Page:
Publication of Stuart Russell’s new book on AI safety—reviews needed
Stuart Russell, professor of Computer Science at UC Berkeley and Director of the Center for Human-Compatible Intelligence (CHAI), has a new book out today: “Human Compatible: Artificial Intelligence and the Control Problem”.
In the book, he explains why he has come to consider his own discipline an existential threat to our species, and lays out how we can change course before it’s too late. The book explores the idea of intelligence in humans and in machines, describes the benefits we can expect (from intelligent personal assistants to vastly accelerated scientific research), and outlines the AI breakthroughs that still have to happen before we reach superhuman AI. Russell spells out the ways humans are already finding to misuse AI, from lethal autonomous weapons to the manipulation of opinions on a global scale. Finally, he explains why we must ensure that we never lose control of machines more powerful than we are. He suggests that we can rebuild AI on a new foundation, according to which machines are designed to be inherently uncertain about the human preferences they are required to satisfy.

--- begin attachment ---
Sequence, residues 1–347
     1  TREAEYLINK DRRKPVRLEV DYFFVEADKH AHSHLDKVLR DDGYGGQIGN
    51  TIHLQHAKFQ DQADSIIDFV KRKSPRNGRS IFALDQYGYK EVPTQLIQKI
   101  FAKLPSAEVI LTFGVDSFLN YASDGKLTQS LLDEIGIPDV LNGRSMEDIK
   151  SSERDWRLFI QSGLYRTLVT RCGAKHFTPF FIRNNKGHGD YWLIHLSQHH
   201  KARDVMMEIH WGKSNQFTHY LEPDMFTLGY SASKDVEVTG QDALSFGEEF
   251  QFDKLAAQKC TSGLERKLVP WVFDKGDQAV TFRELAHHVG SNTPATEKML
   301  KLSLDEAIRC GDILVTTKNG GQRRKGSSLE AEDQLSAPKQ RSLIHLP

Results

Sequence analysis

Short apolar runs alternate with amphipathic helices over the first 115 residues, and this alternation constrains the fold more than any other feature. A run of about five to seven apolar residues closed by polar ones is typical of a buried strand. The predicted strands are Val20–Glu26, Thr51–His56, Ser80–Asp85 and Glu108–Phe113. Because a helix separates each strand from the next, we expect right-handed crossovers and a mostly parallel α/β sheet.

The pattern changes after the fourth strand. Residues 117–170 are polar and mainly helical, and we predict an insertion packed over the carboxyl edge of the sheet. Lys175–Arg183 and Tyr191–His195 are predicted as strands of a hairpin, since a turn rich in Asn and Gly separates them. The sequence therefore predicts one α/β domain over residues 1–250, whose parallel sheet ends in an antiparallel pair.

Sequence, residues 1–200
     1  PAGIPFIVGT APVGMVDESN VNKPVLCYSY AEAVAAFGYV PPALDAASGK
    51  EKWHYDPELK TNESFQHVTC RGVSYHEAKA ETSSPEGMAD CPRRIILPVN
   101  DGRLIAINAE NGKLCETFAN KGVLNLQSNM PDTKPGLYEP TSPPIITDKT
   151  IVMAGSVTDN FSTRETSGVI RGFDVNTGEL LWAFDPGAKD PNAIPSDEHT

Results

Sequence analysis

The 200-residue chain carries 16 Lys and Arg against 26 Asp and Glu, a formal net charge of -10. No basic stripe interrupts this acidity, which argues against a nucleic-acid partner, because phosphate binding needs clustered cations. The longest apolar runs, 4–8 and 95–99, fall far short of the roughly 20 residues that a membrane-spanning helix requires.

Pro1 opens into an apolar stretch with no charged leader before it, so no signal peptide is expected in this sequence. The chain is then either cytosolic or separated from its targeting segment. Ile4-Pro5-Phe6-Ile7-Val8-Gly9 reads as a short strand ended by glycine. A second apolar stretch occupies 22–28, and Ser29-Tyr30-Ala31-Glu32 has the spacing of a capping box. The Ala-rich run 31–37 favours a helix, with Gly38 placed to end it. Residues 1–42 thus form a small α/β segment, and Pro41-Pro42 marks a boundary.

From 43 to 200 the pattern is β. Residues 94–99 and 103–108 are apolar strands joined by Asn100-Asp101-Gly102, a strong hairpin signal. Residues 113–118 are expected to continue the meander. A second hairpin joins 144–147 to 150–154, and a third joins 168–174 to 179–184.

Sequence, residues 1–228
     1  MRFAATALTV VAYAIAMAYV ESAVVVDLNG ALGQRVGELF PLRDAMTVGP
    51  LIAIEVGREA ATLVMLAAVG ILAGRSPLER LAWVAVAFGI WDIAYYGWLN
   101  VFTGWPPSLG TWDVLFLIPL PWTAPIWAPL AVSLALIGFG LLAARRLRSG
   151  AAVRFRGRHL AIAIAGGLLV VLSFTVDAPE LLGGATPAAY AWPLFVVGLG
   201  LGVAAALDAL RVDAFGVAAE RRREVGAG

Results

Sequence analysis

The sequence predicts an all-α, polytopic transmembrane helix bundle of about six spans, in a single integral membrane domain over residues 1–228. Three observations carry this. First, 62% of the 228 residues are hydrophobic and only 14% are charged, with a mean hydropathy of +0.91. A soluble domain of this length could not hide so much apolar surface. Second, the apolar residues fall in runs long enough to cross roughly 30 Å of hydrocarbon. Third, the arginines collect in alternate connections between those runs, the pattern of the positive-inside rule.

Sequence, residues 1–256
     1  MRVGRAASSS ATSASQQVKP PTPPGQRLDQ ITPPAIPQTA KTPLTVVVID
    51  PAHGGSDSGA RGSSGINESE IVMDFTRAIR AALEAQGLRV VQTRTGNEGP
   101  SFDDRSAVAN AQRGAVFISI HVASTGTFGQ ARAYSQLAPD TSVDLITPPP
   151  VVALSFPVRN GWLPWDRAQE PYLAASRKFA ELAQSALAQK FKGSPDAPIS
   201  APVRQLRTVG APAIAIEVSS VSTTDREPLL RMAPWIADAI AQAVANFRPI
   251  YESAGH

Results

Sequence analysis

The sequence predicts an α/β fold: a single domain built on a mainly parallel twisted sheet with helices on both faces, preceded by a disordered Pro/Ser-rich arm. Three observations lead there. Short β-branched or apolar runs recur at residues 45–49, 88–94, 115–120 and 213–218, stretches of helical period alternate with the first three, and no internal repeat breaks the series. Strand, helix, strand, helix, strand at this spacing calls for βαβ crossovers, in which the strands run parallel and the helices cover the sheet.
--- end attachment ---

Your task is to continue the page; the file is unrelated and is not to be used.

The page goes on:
I think the book can be an extremely impactful and positive contribution to the field of AI safety. It makes the case for working on AI safety to a broad audience. It also gives updated arguments on AI safety five years after Nick Bostrom’s “Superintelligence” and gives examples of promising research areas. It has also been favorably reviewed by experts in the field, such as Yoshua Bengio and Judea Pearl.
If you would like to support the book’s success, here are some ways to help:
You can now order the book, in the UK edition, and the US edition. The first few weeks seem to be very important in determining a book’s success, so if you plan to read the book eventually (even if you don’t have time now), this is the best time to order!
You can write reviews of the book on Amazon and on other websites, such as Goodreads. Please write genuine reviews. The important thing is to get quite a lot of reviews; even if not every review is favorable, their existence improves the book’s search ranking and makes it more likely that someone studying this topic will eventually stumble across it.
I am working at CHAI, and I’m helping with communication around the book launch. I’d be happy to answer your questions!
Thanks to Aaron Gertler for his help with editing.